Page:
Theory:

Rain
Rain is liquid precipitation of water droplets falling from the sky. Raindrops fall to Earth when clouds become saturated with water droplets, and they become heavy enough to fall under gravity.

Rain is a major component of the water cycle and is responsible for depositing most of the fresh water on the Earth. It is the primary source of water for almost all purposes. There is a close relationship between temperature and rainfall distribution. Generally, rainfall is high in the equatorial region and decreases gradually towards the poles. A rain gauge is used to measure rainfall.
Air pressure
The air around us has weight, and due to gravity, it exerts a force against every object it touches. This pressure is termed atmospheric pressure or air pressure. It is nothing but the force exerted on a surface by the air above as a result of Earth's gravity. In other words, the weight of air above a given area on the Earth’s surface is called atmospheric pressure or air pressure. Atmospheric pressure is also called barometric pressure because Atmospheric pressure is commonly measured using a barometer.
 
In a barometer, a column of mercury in a glass tube rises or falls as the weight of the air column above changes. Meteorologists describe the atmospheric pressure by the rise or fall in mercury level in the tube.
 
An atmosphere (atm) is equal to the average air pressure at sea level at a temperature of 15 degrees Celsius. One atmosphere is \(1,013.25 \)millibars or 760 millimetres of mercury. At the Earth’s surface, the pressure is \(1.03kg. Per sq cm\).  The standard atmospheric pressure varies both horizontally and vertically.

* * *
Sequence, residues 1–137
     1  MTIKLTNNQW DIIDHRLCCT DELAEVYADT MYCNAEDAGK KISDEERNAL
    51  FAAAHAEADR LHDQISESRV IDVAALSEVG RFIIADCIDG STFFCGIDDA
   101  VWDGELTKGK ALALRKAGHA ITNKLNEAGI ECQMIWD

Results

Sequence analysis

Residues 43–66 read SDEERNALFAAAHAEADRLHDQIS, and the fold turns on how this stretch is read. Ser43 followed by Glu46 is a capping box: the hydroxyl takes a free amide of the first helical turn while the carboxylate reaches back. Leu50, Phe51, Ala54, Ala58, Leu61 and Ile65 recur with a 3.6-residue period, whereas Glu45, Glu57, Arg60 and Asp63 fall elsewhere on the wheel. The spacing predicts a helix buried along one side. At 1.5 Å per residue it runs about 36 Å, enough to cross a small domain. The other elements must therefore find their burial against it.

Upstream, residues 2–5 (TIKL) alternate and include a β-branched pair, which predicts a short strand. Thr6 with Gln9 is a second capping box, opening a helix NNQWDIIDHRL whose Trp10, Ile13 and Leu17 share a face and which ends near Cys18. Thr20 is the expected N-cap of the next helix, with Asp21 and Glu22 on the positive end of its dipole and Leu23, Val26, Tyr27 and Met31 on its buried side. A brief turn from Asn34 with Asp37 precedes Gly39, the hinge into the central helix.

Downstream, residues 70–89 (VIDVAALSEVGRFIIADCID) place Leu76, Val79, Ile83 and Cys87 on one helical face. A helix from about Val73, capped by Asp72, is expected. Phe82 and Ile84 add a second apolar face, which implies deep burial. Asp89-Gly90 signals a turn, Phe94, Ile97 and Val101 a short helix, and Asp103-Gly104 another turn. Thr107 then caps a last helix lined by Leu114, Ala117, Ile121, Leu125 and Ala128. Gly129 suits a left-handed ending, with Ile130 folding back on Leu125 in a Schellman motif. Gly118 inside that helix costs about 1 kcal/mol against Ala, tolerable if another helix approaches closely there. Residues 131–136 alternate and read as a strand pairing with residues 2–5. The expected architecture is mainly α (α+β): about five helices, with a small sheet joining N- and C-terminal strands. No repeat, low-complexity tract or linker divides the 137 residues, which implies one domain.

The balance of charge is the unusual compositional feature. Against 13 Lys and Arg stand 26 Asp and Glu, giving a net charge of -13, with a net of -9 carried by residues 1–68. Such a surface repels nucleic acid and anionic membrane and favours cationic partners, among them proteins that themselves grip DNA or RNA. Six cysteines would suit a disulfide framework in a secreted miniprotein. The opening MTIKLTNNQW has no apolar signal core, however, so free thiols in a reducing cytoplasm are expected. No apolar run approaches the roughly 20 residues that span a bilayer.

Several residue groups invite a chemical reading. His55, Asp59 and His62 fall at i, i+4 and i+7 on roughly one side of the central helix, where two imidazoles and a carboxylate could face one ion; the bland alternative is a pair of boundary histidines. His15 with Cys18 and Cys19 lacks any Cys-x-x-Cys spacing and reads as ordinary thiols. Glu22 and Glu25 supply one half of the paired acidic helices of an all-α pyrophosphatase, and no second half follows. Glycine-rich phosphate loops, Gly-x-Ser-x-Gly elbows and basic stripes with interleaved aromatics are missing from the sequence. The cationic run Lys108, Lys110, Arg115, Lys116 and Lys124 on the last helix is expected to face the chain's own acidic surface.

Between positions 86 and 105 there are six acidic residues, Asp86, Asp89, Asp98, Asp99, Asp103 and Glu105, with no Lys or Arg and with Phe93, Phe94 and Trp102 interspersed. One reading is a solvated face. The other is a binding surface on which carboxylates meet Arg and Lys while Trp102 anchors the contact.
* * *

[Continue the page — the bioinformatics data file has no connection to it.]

It may be categorised into high or low pressure based on the level of pressure exerted. If an area experiences pressure lower than its surroundings, it is called a low-pressure area. The wind from the surrounding high-pressure area blow towards the centre of low pressure.
 
barometer.jpg
 
Similarly, if a barometric pressure of a region is higher than that of its surrounding, it is called a high-pressure region, and the wind blows outwards from the centre of high pressure towards low-pressure regions.
 
On the map, Low pressure is marked as "L", and high pressure is marked as "H". Low-pressure systems are also called depression and cyclones. A high-pressure system is called anticyclones.
Low pressure leads to wind, cloudiness, and precipitation. Whereas High pressure regions experience fair and calm weather.
The distribution of air pressure is shown using isobar.
 
Highest pressure ever recorded:
The highest ever air pressure at sea level: At Agata, Russia, on 31st December 1968
Pressure: \(1083.8millibar\)
The lowest pressure ever recorded
The lowest ever air pressure: At Typhoon Tip, near Guam, Mariana Island in the Pacific Ocean on 12th October 1979
 Pressure: \(870 millibar\)
Though we are not sensitive enough to sense small variations in air pressure, these small variations, which is widely present, determine the wind and storm patterns of the earth. Factors like altitude, atmospheric temperature, air circulation, earth rotation, water vapour, atmospheric storms etc., controls the distribution of atmospheric pressure.
A barometer/aneroid barometer is used by metrologists to measure air pressure. Continuous recordings of variation in atmospheric pressure are called Barograms.
Why do our ears pop in airplanes?
Do you remember, we discussed that the atmospheric pressure decreases with an increase in height above the earth surface? In the aeroplane, when you go up, the atmospheric pressure becomes lower than the pressure of the air inside your ears. In order to match the pressure, i.e. to equalize, our ears pop. Similarly, your ears have to adjust to a higher atmospheric pressure when the plane is on the way down.
Reference:
https://www.nationalgeographic.org/encyclopedia/atmospheric-pressure/